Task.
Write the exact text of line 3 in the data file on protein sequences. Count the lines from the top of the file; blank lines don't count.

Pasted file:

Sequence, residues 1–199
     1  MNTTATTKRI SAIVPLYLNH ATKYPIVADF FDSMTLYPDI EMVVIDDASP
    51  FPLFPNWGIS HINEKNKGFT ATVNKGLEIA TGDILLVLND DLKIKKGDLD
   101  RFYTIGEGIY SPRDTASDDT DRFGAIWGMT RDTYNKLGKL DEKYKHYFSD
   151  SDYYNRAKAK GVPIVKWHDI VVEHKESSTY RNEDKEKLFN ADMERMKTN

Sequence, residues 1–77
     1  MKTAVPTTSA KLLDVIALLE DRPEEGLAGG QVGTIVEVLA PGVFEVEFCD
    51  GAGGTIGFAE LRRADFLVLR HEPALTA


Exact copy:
    51  FPLFPNWGIS HINEKNKGFT ATVNKGLEIA TGDILLVLND DLKIKKGDLD